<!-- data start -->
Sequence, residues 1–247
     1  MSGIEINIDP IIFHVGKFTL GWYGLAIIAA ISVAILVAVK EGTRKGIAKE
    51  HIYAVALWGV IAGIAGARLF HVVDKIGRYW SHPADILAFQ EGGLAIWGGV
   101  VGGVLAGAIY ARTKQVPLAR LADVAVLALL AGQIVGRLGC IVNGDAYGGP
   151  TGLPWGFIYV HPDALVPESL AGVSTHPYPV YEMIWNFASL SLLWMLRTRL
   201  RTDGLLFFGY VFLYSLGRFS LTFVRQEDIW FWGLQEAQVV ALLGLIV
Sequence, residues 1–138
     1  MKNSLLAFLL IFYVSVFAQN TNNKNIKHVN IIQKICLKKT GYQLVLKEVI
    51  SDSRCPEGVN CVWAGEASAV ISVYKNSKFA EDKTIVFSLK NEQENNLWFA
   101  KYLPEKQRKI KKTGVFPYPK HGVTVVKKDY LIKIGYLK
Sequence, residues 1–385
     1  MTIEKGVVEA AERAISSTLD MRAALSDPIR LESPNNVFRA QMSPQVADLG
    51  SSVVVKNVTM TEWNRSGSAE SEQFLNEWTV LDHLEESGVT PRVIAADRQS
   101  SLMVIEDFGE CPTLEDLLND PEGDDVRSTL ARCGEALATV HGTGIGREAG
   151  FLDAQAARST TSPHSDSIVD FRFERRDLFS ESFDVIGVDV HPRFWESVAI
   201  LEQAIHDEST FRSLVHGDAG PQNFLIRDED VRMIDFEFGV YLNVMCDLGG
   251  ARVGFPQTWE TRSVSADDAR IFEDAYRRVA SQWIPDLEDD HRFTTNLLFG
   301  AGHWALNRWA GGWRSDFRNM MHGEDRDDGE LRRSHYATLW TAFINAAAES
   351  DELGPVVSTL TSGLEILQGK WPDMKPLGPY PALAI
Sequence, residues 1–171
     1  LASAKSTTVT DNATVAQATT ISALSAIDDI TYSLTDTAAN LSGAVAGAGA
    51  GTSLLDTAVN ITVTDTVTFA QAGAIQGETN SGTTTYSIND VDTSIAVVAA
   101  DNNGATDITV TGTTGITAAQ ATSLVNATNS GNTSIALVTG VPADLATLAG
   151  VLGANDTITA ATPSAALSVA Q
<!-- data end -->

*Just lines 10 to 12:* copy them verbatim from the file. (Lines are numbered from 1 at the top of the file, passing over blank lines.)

   101  KYLPEKQRKI KKTGVFPYPK HGVTVVKKDY LIKIGYLK
Sequence, residues 1–385
     1  MTIEKGVVEA AERAISSTLD MRAALSDPIR LESPNNVFRA QMSPQVADLG